In the film “Interstellar”, a black hole called “Gargantua” is featured. It is a supermassive black hole that orbits around a dying star in the Mann solar system. Gargantua is described as being particularly large and massive, capable of swallowing entire stars and planets. The black hole Gargantua was created using a combination of CGI (Computer Generated Imagery) visual effects and physical models. The visual effects were used to create the appearance of the black hole and show how it interacts with the surrounding environment, while the physical models were used to reproduce the movement of spaceships and other objects near the black hole.
To create the black hole’s appearance, the artists used a technique called “ray tracing” which simulates light traveling through space and its interaction with objects. To create the mathematical model of the black hole, scientists used Einstein’s equations of general relativity, which describe how mass and energy affect spacetime. Using these equations, they were able to calculate the curvature of spacetime around the black hole and how it distorts light traveling through it. Once the mathematical model was created, the artists used ray tracing to calculate how light would be distorted by the black hole and how it would appear to an observer at different distances from the black hole. Using this information, they then created a realistic image of the black hole which was then inserted into the film. The end result is an accurate representation of how a black hole might appear in reality, with all the details of light distortion and spacetime curvature around it.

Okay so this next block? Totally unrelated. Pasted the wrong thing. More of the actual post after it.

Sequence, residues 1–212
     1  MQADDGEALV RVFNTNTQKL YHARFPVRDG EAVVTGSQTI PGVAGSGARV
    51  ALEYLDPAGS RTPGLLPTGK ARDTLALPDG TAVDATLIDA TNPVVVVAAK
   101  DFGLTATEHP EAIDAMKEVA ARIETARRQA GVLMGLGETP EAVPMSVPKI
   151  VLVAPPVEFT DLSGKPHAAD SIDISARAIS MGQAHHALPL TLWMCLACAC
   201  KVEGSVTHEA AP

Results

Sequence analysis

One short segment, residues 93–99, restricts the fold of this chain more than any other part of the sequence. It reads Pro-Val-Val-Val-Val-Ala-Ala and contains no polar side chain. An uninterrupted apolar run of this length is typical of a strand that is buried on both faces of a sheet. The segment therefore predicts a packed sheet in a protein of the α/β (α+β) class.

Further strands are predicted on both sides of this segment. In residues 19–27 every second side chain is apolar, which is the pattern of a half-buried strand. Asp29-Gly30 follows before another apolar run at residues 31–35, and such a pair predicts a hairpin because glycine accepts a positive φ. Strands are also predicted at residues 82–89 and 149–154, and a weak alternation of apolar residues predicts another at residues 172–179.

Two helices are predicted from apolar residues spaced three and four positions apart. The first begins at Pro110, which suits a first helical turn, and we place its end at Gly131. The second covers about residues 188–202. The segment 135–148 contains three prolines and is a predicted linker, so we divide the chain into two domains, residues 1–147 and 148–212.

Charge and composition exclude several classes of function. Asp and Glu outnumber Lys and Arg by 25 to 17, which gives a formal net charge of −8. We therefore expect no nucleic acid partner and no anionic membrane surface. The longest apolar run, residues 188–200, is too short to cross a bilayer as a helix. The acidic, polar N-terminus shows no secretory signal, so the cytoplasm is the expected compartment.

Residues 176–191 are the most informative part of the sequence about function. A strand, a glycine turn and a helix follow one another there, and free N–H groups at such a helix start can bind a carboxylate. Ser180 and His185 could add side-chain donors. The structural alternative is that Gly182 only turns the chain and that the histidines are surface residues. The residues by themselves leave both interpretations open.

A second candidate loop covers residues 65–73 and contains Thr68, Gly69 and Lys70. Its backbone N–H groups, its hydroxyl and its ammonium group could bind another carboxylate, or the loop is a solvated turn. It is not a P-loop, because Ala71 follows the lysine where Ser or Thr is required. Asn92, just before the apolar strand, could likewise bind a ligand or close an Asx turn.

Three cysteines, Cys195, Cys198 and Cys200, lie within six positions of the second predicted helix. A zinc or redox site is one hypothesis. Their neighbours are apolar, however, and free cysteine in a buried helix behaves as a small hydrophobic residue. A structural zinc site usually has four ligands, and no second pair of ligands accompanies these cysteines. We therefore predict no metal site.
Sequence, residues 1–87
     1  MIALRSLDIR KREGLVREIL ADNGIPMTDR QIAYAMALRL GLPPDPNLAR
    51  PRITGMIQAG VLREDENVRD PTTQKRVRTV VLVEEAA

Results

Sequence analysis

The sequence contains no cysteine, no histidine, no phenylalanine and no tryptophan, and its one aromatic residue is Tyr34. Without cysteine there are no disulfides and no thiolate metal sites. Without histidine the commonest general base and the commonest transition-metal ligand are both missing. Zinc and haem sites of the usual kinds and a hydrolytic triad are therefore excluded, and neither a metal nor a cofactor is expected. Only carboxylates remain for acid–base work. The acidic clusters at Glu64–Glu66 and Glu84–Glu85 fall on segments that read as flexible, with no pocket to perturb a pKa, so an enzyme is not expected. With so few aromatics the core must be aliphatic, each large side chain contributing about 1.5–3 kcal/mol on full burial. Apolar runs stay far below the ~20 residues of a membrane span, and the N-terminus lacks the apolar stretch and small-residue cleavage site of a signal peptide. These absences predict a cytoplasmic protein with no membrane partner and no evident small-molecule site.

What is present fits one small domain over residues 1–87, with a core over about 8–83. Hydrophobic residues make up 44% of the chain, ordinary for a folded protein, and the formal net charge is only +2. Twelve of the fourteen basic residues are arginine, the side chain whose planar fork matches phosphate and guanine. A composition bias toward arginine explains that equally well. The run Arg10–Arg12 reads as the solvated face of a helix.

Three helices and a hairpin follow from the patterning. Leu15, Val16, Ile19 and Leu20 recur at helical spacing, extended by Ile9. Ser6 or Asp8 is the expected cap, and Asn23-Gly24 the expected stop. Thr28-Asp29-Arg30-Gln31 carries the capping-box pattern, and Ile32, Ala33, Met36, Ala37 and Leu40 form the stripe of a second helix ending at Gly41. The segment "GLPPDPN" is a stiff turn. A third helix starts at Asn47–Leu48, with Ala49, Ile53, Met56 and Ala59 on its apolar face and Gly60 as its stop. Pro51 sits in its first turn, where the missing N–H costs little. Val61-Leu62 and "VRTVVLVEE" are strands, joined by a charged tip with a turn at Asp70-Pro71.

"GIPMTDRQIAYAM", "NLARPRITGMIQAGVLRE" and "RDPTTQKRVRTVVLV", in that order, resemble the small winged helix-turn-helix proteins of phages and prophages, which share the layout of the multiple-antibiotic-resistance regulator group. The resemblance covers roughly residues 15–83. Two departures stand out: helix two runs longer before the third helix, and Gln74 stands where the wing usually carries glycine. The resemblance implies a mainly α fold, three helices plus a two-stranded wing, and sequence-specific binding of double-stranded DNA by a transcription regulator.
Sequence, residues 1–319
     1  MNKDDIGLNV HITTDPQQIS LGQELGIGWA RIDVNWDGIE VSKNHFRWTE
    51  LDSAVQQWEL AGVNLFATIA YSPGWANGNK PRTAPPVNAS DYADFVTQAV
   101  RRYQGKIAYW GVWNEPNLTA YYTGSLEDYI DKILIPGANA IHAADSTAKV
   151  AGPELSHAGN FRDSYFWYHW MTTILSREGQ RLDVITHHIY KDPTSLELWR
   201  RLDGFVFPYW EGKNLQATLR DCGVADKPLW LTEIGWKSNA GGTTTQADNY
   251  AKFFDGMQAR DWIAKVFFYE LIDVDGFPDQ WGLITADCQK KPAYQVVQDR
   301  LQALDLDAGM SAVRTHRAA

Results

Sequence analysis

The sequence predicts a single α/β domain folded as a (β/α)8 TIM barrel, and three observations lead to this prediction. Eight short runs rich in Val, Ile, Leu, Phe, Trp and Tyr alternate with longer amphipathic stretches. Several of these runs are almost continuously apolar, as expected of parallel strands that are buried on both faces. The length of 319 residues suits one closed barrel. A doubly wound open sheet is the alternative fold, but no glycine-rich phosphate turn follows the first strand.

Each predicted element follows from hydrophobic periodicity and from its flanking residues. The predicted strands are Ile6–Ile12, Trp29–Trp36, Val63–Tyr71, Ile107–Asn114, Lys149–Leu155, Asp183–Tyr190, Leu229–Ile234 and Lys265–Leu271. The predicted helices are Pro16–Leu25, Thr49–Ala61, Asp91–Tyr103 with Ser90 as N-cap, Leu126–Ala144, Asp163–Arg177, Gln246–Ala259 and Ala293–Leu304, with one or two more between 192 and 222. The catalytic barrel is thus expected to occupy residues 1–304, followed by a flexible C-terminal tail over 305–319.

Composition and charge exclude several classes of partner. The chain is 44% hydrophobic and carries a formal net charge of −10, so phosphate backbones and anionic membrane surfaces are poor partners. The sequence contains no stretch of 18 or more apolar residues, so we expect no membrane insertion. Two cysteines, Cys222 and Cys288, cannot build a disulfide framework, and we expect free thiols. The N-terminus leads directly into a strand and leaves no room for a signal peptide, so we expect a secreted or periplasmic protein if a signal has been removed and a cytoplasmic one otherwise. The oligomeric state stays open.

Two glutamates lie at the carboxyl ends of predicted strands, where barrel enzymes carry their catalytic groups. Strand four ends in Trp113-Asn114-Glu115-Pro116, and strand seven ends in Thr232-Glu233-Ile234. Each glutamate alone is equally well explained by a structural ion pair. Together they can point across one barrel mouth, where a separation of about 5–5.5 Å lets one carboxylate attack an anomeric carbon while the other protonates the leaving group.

The physical models were used to reproduce the movement of spaceships and other objects near the black hole. For example, scale models of the spaceships were built and placed in a zero gravity effects chamber to simulate movement subjected to the gravitational fields of the black hole. This allowed for a realistic representation of the movement of the spaceships near the black hole Gargantua.
The famous theoretical physicist Kip Thorne was the scientific consultant for the film Interstellar. Thorne is known for his contributions to Einstein’s theory of general relativity and the physics of black holes. He also wrote the book “The Science of Interstellar,” in which he explains how he contributed to the science behind the film and how he helped director Christopher Nolan make the film as scientifically accurate as possible.
In addition to Einstein’s theory of general relativity, Interstellar also references quantum mechanics. In the film, quantum mechanics is mentioned when the protagonist, Cooper, is introduced to Planck’s theory of gravitational particles. This theory, which combines Einstein’s theory of general relativity with quantum mechanics, was developed to explain how gravity can be transmitted through spacetime at the quantum level. Additionally, quantum mechanics is also mentioned in relation to string theory, which is a theory that seeks to unify all laws of physics into a single coherent framework. String theory makes extensive use of quantum mechanics and suggests that all subatomic particles, such as electrons, can be viewed as vibrating “strings” of energy.
All images and all text in this blog were created by artificial intelligences